Sunday, January 30, 2022

Monday 31st January...Dry, Cold Weather Prevails in North!






Fog in U. P. On Monday Morning
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Mumbai/Pune Weather forecast for next 3 days (31st Jan, 1st and 2nd Feb)...published 10:45 pm on Sunday 30th Jan


Mumbai and Pune minimum temperature has remained slightly lower than forecasted, more dryness leading to drop in night temperature and large variation between day and night temperatures. 

Sunday,Relative humidity was just 43% in Santacruz, Mumbai and 28% in Pune. 


Next 3 days will see maximum temperature of around 31-32°C in Mumbai while minimum may remain around 17°C. Interior konkan and Thane district can see min around 13°C. 

Pune to witness a rise in max temperature to about 32°C due to westerlies and minimum can remain around 11-13°C. 


A fresh Western Disturbance F-1 will start affecting the country from 2nd/3rd February which may bring another round of cold weather. 

More updates soon.

1 comment:

NilaY Wankawala said...

Credit Australian Government Bureau of metereology latest issued 01 02 2022

Issued 1 February 2022

The latest Climate Driver Update and Climate Model Summary are now available on the Bureau's website.

La Niña likely to persist until early autumn

A mature La Niña event remains active in the tropical Pacific. Climate models suggest the 2021–22 La Niña is near or at its peak, with a return to neutral El Niño–Southern Oscillation (ENSO) likely early in the southern hemisphere autumn. Autumn is the usual time of the year in which ENSO events decay and return to neutral. La Niña increases the chance of above average rainfall across much of northern and eastern Australia during summer. Significant weather can still occur as La Niña weakens, especially as the peak of the Australian tropical cyclone season is around February/March.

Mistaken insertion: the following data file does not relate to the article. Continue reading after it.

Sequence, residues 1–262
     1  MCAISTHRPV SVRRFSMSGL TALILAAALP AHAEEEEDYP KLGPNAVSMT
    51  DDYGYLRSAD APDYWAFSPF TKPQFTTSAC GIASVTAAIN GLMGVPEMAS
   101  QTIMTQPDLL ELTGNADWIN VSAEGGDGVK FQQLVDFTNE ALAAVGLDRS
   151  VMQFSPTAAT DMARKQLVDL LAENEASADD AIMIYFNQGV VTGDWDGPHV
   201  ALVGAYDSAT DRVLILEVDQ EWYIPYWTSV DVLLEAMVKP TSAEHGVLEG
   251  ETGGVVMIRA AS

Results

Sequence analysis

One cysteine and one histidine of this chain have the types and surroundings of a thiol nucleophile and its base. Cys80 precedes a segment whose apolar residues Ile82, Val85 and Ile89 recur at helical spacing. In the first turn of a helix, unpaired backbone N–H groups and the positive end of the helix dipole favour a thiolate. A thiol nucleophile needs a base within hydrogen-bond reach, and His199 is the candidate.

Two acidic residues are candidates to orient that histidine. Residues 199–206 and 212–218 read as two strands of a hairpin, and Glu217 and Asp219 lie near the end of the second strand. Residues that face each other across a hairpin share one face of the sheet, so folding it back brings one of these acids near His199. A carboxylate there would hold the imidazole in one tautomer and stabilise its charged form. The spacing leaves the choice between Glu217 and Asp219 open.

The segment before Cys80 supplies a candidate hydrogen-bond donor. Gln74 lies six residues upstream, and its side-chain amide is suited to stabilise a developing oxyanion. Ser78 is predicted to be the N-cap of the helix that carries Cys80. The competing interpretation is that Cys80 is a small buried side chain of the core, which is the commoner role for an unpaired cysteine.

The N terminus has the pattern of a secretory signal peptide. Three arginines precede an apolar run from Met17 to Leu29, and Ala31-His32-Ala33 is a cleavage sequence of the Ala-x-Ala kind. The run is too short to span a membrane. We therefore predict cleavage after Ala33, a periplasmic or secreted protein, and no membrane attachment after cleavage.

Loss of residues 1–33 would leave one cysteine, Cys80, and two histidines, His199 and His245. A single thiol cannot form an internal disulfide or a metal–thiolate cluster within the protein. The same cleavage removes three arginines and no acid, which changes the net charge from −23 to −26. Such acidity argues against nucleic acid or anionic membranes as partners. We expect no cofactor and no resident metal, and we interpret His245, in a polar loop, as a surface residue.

Oceanic indicators of ENSO continue to show a clear La Niña signal, with cooler than average sea surface temperatures in the eastern tropical Pacific, and cooler sub-surface waters supporting the cooler waters at the surface. However, these cooler sub-surface waters continue to ease. Most atmospheric indicators also show clear La Niña patterns, with decreased cloudiness along the Date Line and trade winds either close to average or slightly increased. While the 30-day Southern Oscillation Index (SOI) has experienced some short-term fluctuation, the 90-day SOI is still firmly in La Niña territory.

The Madden–Julian Oscillation (MJO) is currently weak, but models indicate it may strengthen in the eastern Indian Ocean or western Maritime Continent in the coming week. Typically, when the MJO is in the eastern Indian Ocean it may provide a boost to La Niña by encouraging strengthened trade winds in the Pacific Ocean. As the MJO approaches the Maritime Continent, an increase in cloudiness and rainfall over northern Australia is more likely.

The Southern Annular Mode (SAM) index has recently risen to positive levels. It is forecast to remain positive, but gradually weaken, over the next three weeks. A positive SAM during summer typically brings wetter weather to eastern parts of Australia, but drier than average conditions for western Tasmania.

The Indian Ocean Dipole (IOD) typically has little influence on global climate from December to April.

Climate change continues to influence Australian and global climate. Australia's climate has warmed by around 1.44 °C for the 1910–2019 period. Rainfall across northern Australia during its wet season (October–April) has increased since the late 1990s. In recent decades there has been a trend towards a greater proportion of rainfall from high intensity short duration rainfall events, especially across northern Australia.

More information

Media enquiries: (03) 9669 4057 media@bom.gov.au

Next update expected on 15 February 2022

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